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In a likely blow to China, Oli dissolves Nepal’s Parliament

In a likely blow to China, Nepal’s Prime Minister KP Sharma Oli has announced dissolution of parliament—a move that follows irreconcilable differences with Pushp Kamal Dahal and Madhav Nepal, two heavyweight communist rivals.

<em>The Hindustan Times</em> is reporting that the dissolution of parliament is likely to split the Communist Party of Nepal. Analysts point out that if that happens, it will deliver a big blow to China, which had gone overboard to paper over the deep cracks in the communist coalition. By keeping the Nepal Communist Party (NCP) flock together, China is well positioned to push its agenda in the Himalayan Republic and undermine India, Nepal’s longstanding strategic and geo-cultural partner.

Last month China’s envoy to Nepal, Hou Yanqi, has gone into overdrive to prevent the ruling communist party from imploding.

Nearly three years ago, China became Nepal’s second internet service provider, breaking India’s monopoly in providing internet access to the Himalayan Kingdom.

Undercutting Kathmandu’s reliance on the Kolkata port, China has allowed Nepal to access four its Chinese seaports—Tianjin, Lianyungang, Shenzhen, and Zhanjiang—notwithstanding the higher costs that Nepali traders will inevitably incur with their usage.

High drama accompanied Oli’s bold Sunday morning move, announced following a cabinet meeting.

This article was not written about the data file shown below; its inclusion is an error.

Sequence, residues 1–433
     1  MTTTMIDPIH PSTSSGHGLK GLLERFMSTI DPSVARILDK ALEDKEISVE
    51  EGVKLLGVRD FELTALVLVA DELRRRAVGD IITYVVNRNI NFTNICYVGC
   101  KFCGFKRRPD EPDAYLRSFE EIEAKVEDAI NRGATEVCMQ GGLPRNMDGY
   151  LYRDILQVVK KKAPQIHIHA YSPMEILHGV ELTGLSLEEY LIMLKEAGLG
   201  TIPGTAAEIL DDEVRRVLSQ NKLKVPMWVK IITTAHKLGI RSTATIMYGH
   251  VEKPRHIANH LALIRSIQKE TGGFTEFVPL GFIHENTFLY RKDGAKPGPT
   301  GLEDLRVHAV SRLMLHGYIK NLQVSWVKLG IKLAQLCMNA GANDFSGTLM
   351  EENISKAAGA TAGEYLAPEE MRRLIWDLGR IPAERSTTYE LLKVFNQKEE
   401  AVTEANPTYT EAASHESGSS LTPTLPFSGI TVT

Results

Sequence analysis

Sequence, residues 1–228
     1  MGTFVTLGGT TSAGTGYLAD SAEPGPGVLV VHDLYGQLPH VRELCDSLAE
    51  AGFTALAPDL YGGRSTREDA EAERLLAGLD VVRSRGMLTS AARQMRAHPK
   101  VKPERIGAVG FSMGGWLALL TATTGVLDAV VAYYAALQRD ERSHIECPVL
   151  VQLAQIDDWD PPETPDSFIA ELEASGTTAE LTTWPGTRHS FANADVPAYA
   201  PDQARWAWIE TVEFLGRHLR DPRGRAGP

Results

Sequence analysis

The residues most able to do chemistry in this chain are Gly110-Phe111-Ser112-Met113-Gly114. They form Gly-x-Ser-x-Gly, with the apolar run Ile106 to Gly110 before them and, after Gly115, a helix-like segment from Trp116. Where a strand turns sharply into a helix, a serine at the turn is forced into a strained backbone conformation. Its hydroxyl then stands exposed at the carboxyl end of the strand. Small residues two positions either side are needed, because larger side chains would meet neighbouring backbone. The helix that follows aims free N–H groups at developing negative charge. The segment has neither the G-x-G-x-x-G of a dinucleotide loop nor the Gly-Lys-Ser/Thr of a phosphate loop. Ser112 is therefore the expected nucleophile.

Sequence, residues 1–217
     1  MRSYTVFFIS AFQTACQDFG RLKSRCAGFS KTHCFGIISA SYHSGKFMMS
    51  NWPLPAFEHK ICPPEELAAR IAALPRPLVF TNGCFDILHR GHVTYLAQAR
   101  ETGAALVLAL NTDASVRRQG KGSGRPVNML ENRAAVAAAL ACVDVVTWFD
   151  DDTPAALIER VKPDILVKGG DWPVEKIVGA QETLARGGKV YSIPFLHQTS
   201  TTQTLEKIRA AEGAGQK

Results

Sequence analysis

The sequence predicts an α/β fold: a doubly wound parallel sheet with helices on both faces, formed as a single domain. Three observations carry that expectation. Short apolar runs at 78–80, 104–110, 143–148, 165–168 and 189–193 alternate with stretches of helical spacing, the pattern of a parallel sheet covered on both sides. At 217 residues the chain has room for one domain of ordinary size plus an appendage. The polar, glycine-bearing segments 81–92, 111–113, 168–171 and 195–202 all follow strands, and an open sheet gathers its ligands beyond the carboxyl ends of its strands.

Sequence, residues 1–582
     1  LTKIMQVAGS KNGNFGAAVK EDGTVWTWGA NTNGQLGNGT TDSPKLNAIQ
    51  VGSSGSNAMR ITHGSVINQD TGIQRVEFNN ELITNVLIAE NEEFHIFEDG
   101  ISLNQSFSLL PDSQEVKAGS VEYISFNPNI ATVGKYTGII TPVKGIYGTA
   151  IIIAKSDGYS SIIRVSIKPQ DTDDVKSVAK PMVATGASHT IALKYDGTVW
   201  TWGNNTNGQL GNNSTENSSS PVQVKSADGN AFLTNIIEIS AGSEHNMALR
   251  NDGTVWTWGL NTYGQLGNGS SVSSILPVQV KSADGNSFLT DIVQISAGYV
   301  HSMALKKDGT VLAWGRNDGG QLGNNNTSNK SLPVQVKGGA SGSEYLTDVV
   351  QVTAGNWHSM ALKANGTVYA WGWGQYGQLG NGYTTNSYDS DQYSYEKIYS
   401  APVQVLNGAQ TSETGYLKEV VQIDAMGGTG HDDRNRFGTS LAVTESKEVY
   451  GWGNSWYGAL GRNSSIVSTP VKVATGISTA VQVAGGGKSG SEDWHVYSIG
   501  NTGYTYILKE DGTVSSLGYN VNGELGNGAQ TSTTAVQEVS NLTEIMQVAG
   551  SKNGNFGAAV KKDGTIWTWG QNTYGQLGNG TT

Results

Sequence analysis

“Today’s Cabinet meeting decided to recommend the President to dissolve the Parliament,” said Barshaman Pun, energy minister in PM Oli’s cabinet after the meeting.

Oli withstood considerable last-minute pressure not to go in for the parliament’s dissolution. Last evening, he met President Bidya Devi Bhandari at her official residence ‘Shital Niwas’. This was among the several meetings that he held on Saturday to arrive at a common denominator with his rivals. Oli has been battling his rivals who have protested against his Tuesday ordnance that empowered the prime minister to make key appointments.

After the annulling the parliament, Oli will continue to head the interim parliament.

On Saturday, PM Oli specially visited the residence of his rival Dahal or Prachanda for a last-minute patch up over the ordnance. <em>Hindustan Times</em> quoted sources familiar with the matter that PM Oli told Prachanda that they needed to work together and find a way out of the crisis. But Prachanda remained obdurate.

This was the last straw that persuaded Oli to take the final call. He is learnt to have sounded out Home minister Ram Bahadur Thapa, who is seen to be close to Prachanda, and sought his support in dissolving the House..